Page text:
In the past 15 years the USF campus has been gradually receiving aesthetic upgrades. Before the most recent nip and tuck of the University Center, Kalmanovitz Hall had a major heart surgery to the tune of 40 million dollars and reopened in 2008.
Back when all students were commuters and the school size was much smaller, this gem of a building was a functional space with almost no artistic integrity. As the oldest building on main campus it was home to the cafeteria, classrooms and student lounge space, but now serves as offices and classrooms for humanities and social sciences departments.
The scenery on walks to classes or meetings with professors in K-Hall has improved dramatically and the Rev. Tom Lucas, S.J., knows more about it than anyone. His experience as an architecture professor and witness to the renovations since 1995 make him the best source for finding out about the art and other intricacies of Kalmanovitz Hall. The Foghorn was lucky enough to sit down with him as he divulged the history of multiple pieces and of the Kalmanovitz building.
Santa Maria de Ovila Portal
Before even entering Kalmanovitz the average passerby, whether a new student or a longtime professor, is hard pressed not to stop and glance at the Santa Maria de Ovila Portal in the amphitheatre. This work of architectural beauty was made in 1575 and is native to a monastery in central Spain near Madrid where it was the front entrance to the chapel.
William Randolph Hearst treasured it so much that he bought the entire monastery and had it shipped to San Francisco sometime in the 1930s. His plan was to rebuild it as a home for his mother near Mount Shasta in northern California. Hard economic times prevented the project from being completed and eventually all the pieces came to rest at the De Young Museum.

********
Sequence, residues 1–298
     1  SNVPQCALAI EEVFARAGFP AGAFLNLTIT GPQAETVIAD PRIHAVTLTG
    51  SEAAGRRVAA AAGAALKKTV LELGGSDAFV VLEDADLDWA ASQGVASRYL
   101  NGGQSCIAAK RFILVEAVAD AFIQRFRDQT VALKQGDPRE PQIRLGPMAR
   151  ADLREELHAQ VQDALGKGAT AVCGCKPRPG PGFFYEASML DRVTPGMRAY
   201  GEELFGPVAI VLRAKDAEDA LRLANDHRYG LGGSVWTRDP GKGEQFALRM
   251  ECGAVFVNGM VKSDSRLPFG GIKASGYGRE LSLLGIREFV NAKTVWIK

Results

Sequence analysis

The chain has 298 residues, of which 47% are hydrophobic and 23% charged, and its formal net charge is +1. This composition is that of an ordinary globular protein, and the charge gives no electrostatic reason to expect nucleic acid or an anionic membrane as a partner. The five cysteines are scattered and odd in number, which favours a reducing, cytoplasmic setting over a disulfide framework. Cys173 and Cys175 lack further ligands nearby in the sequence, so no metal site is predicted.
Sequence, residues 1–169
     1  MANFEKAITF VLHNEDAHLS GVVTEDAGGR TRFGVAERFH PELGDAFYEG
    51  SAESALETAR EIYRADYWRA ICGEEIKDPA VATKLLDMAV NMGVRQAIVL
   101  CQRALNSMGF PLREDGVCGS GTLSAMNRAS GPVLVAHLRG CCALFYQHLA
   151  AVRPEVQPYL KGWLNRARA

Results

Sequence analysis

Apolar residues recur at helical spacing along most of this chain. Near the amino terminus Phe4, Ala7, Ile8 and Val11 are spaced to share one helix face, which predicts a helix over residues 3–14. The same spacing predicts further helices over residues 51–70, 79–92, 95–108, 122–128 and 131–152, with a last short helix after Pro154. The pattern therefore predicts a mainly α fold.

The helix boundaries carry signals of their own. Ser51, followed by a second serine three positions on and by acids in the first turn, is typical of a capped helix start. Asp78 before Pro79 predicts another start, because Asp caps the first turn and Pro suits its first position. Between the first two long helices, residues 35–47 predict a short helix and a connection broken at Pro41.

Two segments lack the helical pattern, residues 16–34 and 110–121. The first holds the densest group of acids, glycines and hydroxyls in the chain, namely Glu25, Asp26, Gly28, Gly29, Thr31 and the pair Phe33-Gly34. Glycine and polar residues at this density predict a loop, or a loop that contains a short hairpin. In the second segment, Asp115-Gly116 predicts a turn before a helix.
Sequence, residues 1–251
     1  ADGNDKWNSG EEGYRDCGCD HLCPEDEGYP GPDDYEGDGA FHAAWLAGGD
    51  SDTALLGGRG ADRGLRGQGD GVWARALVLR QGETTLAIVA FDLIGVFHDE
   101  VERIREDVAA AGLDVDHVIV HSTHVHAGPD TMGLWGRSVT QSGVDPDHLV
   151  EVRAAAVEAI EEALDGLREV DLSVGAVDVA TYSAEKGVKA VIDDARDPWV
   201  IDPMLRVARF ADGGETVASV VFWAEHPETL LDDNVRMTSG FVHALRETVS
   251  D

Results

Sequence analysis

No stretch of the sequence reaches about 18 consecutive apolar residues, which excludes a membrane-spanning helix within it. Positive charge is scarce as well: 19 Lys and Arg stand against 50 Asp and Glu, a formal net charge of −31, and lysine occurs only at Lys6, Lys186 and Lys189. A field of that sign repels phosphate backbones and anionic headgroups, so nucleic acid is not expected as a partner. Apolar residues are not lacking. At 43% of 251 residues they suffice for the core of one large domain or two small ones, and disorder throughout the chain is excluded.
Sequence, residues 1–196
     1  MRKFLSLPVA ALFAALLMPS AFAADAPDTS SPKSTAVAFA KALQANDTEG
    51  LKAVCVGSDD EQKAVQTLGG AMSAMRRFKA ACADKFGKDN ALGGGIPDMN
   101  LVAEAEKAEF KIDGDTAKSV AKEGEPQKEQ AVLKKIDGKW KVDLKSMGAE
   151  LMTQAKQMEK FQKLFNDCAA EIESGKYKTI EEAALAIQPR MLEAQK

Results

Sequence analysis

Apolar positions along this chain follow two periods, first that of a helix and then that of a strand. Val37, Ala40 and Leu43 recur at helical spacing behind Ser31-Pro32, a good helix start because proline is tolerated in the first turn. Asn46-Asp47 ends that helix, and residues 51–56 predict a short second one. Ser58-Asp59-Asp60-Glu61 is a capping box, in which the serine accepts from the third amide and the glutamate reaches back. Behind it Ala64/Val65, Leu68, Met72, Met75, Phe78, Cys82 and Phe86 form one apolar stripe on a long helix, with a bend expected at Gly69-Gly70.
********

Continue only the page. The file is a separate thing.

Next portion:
For a while there was talk of erecting it in Golden Gate Park to serve as a museum, but the squatting residences of the park detested the idea. If you look closely, you can still see burn marks on some of the 44 pellets of stone from when they set fire to the crates.
Its final home came to be at the University as a gift from the De Young Museum on the condition it be rebuilt with great care.
Another architectural gift from the De Young Museum is the Romanesque Portal, which fits the atrium space exactly. In fact, the design of the atrium was dictated by the portal with special braces built deep into the ground solely to withstand its weight, but also to give it proper significance. This piece was made in northern Italy sometime between the late 12th century and early 13th century. You may never have noticed but two famous biblical figures adorn the top arch: Adam and Eve.
Rev. Lucas said, “It’s appropriate that Adam and Eve are on the top of a piece of artwork that is the center piece of the entire humanities building.”
Figure of an Angel
Directly behind the portal in a glass encasement stands the Figure of an Angel from the Galleons and Globalization exhibit currently in the Thacher Gallery. This painted wooden statue has a history of travel beginning with its journey from Mexico to a mission in Santa Barbara.
Rev. Lucas told the story behind the piece: “The legend goes that it was mounted on a ship traveling rough waters. The crew vowed if they survived they would give the statue to a mission.” It was made in the mid to late 1700s and will be at USF through December.
Historic USF Fireplace